A few days ago, I went to the library to pick up a book (“Nine Black Doves: volume 5, the collected stories of Roger Zelazny”) I’d requested. When I’d looked it up online, I found it wasn’t in my local library’s collection, so I searched in the Merrimack Valley Library Consortium’s catalog, but it wasn’t there either. Not to worry – the Commonwealth Catalogue links to every library in the entire state of Massachusetts! Sure enough, I found not one but two copies of the book, requested it, and in a couple days’ time got the email notice it was in at my local library waiting for me.
So that day, as I say, I went to the library to get it. Smiled at a little girl in mom’s arms leaving as I headed to the front door; chatted a bit with the librarian as I checked out; walked out with a big smile on my face…
And realized, by golly, every time I go to the library it makes me happy. It’s my happy place.
I also go to the library 5 days a week, but it’s a hospital library where I work. I go to the public library about twice a week. There are times I can’t wait to get home and read the books I picked. Truthfully, I’m happiest when I am reading a book.
Not necessarily. We’ve had homeless people pass out in the chairs. One guy was drunk on generic mouthwash and soiled the chair. Parents drop their kids off and expect the library staff to keep an eye on them all day. Teens get into fights after school, and one security guy found a couple doing a standup in the book stacks.
A lot of weirdos pass through, but most are harmless. Our library is warm in winter, cool in summer, and is centrally located in the city on a bus line.
But it can be a wonderful place, especially the kid’s section. Bright, airy, tons of books and tapes, and structured activities for the little ones.
Two years ago we were library of the Year for the US.
My city library has a main facility, which is downtown, and two branches. I volunteer at one and sometimes to go a meetup at the other; the one that has the meetup also has a trailer in the parking lot marked “POLICE SUBSTATION” and it’s staffed at random times. That branch has had issues with children who live in the small but Very Bad Neighborhood adjoining the library; I’ve witnessed some of it, and it’s been committed by very young kids, as in 8 or less, and they are always on their own, with no adults or even older kids around. These children steal, vandalize, bother patrons, etc. but there’s not as much of it now that word has gotten around that they can’t get away with it.
That neighborhood has become bad because some idiot bought up a bunch of apartment buildings, and lets anyone move in as long as the cash is green. You can tell which buildings these are, because they don’t look safe for human habitation, but people live there anyway. There’s no way they could be remodeled; when and if those people move out, they will have to be demolished.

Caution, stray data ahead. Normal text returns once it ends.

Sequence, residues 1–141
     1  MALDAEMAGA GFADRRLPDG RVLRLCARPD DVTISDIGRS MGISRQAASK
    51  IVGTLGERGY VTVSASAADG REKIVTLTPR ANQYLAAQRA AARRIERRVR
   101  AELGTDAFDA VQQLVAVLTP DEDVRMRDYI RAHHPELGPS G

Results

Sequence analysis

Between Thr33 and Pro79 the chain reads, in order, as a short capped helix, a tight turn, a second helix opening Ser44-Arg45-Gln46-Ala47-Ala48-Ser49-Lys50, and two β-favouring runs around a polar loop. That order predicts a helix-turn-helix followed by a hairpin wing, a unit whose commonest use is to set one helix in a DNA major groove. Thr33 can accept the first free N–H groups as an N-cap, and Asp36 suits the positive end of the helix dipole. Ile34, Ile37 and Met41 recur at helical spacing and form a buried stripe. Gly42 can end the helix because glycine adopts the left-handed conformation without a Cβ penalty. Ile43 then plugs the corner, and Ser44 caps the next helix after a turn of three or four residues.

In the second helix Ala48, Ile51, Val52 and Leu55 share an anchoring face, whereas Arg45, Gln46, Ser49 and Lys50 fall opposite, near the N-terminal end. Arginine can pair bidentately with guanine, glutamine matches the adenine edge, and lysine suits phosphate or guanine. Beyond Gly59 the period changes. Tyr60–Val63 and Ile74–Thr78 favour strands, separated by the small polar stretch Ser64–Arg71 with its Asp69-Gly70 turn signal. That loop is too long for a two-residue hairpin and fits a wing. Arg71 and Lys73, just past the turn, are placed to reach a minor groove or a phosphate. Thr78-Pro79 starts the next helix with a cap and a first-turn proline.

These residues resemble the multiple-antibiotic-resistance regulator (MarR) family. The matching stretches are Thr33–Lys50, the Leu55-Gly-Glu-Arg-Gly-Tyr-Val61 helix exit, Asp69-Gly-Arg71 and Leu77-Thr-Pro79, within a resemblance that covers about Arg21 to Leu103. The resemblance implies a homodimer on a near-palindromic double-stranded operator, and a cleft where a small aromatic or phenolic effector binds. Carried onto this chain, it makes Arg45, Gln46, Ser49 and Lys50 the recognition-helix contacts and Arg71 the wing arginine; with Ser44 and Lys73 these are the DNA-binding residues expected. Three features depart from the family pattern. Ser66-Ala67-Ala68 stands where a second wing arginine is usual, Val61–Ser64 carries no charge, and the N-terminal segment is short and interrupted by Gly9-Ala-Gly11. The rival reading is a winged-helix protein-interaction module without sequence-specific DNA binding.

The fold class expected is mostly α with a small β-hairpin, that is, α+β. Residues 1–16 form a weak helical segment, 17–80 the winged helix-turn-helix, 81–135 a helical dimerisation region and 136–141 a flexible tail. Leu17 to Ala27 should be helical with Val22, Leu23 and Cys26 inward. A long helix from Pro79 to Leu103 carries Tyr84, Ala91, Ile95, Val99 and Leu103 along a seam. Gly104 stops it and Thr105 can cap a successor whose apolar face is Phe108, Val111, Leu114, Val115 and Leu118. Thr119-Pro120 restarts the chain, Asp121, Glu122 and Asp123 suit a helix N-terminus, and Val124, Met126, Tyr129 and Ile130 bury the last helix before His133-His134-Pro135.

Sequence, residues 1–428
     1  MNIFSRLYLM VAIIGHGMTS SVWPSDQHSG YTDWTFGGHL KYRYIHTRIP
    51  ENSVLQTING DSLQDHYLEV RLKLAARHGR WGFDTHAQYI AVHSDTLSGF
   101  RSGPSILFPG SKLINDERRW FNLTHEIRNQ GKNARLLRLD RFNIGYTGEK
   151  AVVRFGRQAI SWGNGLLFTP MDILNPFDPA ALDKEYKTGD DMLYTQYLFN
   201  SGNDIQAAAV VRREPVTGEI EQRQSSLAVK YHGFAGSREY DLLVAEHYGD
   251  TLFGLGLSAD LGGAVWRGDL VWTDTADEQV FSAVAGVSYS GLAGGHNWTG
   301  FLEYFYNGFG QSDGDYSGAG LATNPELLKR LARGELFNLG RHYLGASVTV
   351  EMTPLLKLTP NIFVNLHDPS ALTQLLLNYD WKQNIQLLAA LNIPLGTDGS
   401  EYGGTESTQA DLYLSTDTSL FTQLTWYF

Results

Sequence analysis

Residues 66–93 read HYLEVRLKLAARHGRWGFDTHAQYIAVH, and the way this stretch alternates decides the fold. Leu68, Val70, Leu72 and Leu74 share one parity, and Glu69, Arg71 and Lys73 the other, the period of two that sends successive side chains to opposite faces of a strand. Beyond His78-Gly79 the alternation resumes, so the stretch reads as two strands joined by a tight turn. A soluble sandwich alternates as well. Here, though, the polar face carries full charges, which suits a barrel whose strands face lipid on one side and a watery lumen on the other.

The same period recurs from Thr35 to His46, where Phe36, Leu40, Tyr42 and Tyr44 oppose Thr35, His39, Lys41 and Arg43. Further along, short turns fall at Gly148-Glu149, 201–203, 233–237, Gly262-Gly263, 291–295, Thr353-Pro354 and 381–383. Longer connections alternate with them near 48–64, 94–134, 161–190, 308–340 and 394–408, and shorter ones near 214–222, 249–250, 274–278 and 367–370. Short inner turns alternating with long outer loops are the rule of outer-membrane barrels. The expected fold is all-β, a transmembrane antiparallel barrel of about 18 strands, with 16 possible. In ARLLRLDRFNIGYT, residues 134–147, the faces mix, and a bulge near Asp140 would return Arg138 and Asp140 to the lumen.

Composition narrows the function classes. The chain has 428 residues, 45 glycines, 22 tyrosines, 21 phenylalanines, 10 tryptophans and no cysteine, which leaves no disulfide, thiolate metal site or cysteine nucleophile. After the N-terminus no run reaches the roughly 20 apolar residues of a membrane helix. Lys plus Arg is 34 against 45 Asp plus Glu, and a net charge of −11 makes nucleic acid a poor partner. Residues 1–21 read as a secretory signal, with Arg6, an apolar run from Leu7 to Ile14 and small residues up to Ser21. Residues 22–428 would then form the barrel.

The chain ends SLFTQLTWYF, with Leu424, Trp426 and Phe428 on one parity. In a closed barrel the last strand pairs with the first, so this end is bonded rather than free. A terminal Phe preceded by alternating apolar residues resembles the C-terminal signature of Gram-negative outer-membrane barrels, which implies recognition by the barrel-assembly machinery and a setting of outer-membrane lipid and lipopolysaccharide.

Every time there’s a school vacation in my old town, that library puts out a notice that they are NOT a free babysitting service. They will not hesitate to call CPS if they catch anyone doing this.
When I was younger, one of my fantasies was to get locked in a library overnight so I could have the whole darn place to myself.
Before I moved to Tacoma, I lived just a couple blocks from a library and spent quite a bit of time there. Even volunteered for a bit. Nowadays I generally read e-books through our library system website and skip the trip to the actual place. But it’s nice to know they are there should I get the urge to visit one.
I used to use the computers at the library I used to go to all the time and one of the things that bothered me was people who would eat stuff while they were on them. No, I don’t want to use that keyboard after you’ve gotten greasy, slobbery Doritos dust all over it. No one else wants to either. I even caught one guy who had gotten a package of bologna from the dollar store across the street and was using his pocket knife to cut it up and eat it while on the computer. Ugh!
That library system was very generous in the number of copies you could print for free. 70 black and white pages a week or 35 (I think) color ones. That might have changed since I left though.
When our daughter, Rosalee, was eight years old, her mother passed away.
After school, she would walk to the library. I would pick her up, after I got off work, 90 minutes later. Being a small town the library staff knew our situation.
Rosalee won awards for the most books read in a summer vacation. And to this day, 30 years later, she is an avid reader. Thanks to the library and staff. You can’t imagine how much I appreciate, love what they did for us. And the world is a better place.
One time I was leaving Iraq and we passed through Kuwait. The camp had its own library. After a year of living in the desert I was so happy to have a library. I spent hours and hours in there, killing time until my flight.
I love our library system. When I had the cast on my arm, and in the bad time afterwards, the librarians got to know me and really help me though it. The joys of having somewhere to go and something to do every day were wonderful. And to be able to help the library by buying cheap books at a time I felt helpless!
A great book on the subject is Free For All. I got it off of our library’s free shelf!